Sara and Malinda had become fast friends. They made certain to keep me informed during the court proceedings, and kept me updated on the idiosyncrasies of the various foster homes Malinda was placed in. One typical day the girls came in to my room together, this time they both looked sad. Malinda was transferring to a new school in the suburbs. A family in Strongsville was taking her in.

____________________

Last week Sara appeared at my door, all smiles. It was two years since she had graduated, but she was a periodic visitor, so although I was happy to see her, I was not surprised. "Somebody wants to see you. Come out to the hall."
Curiously, I peeked my head around the corner.

"Malinda!"

"I thought you might not remember me."

"Oh honey, how could I forget you? How have you been? What are you doing?"

Malinda had just moved back to the near westside, had her own apartment, and was going to college. She looked so grown-up. A far cry from the sullen child I needed to keep waking up six years ago.

"I have to go to court in a few weeks. My father is going up for a probationary hearing. I'll be testifying against him."

"Good for you darlin'. Good for you."

3 comments:

Jill said...

Thank you for this post, MaryBeth.

Dale P. said...

MaryBeth,
I could use some of your wisdom. I'm an energetic, eager teacher of eleven years who is getting discouraged at the state of my school and classroom. How do you stay positive in an environment such as your school? Today we had one student taken away by paramedics because he had been beaten so badly, and that was only one of five violent fights we had today! I'm getting discouraged, fearful, and outraged at my school, but I want to make a difference. How do you cope/deal/stay positive?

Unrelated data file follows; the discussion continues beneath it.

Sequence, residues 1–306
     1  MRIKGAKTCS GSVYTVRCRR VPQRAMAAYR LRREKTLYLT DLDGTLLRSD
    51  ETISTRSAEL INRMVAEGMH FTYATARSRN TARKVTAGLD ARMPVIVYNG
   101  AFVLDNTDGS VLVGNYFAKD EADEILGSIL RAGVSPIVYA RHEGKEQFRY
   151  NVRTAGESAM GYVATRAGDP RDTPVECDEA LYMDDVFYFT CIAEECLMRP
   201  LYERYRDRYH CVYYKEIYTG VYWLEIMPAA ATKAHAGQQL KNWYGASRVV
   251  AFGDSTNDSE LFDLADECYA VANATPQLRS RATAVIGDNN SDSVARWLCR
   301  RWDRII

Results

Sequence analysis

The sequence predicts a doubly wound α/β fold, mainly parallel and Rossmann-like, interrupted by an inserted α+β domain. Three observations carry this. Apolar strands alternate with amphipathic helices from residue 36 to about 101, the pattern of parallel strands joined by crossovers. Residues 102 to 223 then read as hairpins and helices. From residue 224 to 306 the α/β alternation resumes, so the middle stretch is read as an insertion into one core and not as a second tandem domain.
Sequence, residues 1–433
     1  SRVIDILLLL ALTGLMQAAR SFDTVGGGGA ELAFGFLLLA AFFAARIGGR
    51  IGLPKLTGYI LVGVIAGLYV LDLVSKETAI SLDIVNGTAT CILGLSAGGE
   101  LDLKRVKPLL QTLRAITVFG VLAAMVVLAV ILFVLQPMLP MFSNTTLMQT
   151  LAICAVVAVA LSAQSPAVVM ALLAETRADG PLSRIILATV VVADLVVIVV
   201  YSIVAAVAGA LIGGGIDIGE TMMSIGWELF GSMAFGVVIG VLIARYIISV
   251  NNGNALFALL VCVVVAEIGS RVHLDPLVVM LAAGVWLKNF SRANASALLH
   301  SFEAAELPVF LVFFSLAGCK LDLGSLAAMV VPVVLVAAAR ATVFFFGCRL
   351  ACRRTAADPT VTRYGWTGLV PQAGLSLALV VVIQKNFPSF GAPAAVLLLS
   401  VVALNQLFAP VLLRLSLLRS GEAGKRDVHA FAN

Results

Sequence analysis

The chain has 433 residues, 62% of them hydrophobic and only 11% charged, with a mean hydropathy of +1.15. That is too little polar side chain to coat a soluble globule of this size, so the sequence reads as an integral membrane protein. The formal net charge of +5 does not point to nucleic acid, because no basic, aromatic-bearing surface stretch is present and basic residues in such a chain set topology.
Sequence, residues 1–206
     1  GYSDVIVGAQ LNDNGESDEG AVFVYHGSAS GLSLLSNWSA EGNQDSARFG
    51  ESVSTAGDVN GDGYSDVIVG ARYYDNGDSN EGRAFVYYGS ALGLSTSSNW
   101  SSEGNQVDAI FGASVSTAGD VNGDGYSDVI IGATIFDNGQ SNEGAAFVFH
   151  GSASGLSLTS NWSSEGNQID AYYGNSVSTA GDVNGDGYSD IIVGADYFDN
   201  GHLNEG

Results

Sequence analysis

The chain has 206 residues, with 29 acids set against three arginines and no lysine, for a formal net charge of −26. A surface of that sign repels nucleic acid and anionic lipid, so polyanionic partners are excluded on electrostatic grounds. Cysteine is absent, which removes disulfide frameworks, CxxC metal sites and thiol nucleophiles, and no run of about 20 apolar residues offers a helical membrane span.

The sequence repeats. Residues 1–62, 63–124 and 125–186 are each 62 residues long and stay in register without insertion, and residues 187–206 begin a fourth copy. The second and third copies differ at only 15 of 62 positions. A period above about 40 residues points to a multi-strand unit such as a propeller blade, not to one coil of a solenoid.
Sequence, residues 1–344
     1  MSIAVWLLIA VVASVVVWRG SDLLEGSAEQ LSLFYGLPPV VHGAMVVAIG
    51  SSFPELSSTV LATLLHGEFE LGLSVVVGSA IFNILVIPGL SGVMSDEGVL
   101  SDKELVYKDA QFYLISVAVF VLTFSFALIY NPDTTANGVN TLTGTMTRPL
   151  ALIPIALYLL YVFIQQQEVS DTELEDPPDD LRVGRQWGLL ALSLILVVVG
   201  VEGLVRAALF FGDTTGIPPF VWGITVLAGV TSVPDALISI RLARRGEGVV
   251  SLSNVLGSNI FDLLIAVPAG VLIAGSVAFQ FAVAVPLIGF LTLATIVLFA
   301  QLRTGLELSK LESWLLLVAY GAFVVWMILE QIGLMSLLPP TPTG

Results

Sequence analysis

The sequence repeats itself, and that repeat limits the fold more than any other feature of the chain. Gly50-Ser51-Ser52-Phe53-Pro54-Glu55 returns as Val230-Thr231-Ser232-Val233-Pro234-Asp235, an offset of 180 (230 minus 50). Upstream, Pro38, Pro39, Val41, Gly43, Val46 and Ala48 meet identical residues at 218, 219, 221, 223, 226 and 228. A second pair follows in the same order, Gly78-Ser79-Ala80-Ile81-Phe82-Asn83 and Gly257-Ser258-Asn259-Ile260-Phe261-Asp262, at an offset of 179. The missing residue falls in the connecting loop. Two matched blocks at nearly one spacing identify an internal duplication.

marybeth said...

Dale,

I laughed to myself when I read your question about coping. My friends would attribute my good spirits to my eroding sanity. Thank God our benefits package covers mental health care.

I was not always so positive. Ten years ago I was given middle school classes after having taught high school for 15 years. It was awful. I was ready to quit the profession. I never had patience for that age group. I didn't like the kids, and I didn't like myself at the end of the day.
There is a saying amongst my colleagues who are certified in grades 7-12:
"Your worst day in a high school is still better than your best day in a middle school."
Rather than quit teaching, I just quit teaching THERE. I was tired of feeling like a bitch. I started looking for a high school opening, and finally discovered a teacher who was retiring. I prepared for my interview for two months, and beat out 12 other candidates.
Granted, my current job is challenging, but I don't have to listen to screaming sixth graders, which is my personal concept of hell...everything is relative.

But how do I deal with dicouragement now? How do I know if I am making a difference?
I make the effort to build relationships with my students. I take the time to get to know the kids in my classes. I listen to them, and they, in turn, listen to me. I don't just present material, I share my passion for the subject. I challenge them to think and see things differently, and I model the behavior I want to see in them. I ask them, everyday, what they need from me, and what I can do for them to help them succeed. I don't try to control them, I encourage them to control themselves. Most of my students respond very positively to my strategy of modeling behavior and mutual respect.
However, just in case there is trouble in paradise, I do like to maintain good relationships with the guidance counselors, who will find alternative classes, and make schedule changes when I encounter students who are intent upon their mission to disrupt the educational process in my classroom, or simply be a pain in the butt.